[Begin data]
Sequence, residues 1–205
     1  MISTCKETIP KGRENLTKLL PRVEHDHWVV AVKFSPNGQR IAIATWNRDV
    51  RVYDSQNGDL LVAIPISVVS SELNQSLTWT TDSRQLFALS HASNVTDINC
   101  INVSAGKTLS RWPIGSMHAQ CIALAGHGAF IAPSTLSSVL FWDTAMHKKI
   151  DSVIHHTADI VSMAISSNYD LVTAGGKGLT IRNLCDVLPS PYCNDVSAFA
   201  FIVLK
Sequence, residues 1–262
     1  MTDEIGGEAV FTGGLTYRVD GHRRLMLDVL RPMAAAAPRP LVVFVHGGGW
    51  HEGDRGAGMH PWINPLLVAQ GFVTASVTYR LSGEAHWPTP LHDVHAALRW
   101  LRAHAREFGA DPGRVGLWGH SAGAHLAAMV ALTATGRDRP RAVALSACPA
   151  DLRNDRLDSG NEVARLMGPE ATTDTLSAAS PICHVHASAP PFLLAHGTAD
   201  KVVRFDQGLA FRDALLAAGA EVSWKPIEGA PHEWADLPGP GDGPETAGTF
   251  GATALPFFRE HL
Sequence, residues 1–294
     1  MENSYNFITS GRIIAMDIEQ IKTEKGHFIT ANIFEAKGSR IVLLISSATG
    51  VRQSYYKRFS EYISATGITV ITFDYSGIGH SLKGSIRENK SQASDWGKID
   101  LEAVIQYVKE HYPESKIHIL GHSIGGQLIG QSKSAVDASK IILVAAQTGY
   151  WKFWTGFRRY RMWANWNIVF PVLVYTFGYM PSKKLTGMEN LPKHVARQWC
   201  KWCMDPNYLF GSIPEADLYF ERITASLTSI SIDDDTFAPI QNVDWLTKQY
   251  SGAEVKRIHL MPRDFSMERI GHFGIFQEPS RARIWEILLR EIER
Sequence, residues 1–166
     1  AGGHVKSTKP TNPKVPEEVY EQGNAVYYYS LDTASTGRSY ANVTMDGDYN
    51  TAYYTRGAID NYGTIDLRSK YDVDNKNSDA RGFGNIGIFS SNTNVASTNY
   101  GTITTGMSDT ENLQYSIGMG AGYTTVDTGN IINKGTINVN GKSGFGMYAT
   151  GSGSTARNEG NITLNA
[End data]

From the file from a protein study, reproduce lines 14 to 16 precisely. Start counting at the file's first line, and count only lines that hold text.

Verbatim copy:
Sequence, residues 1–294
     1  MENSYNFITS GRIIAMDIEQ IKTEKGHFIT ANIFEAKGSR IVLLISSATG
    51  VRQSYYKRFS EYISATGITV ITFDYSGIGH SLKGSIRENK SQASDWGKID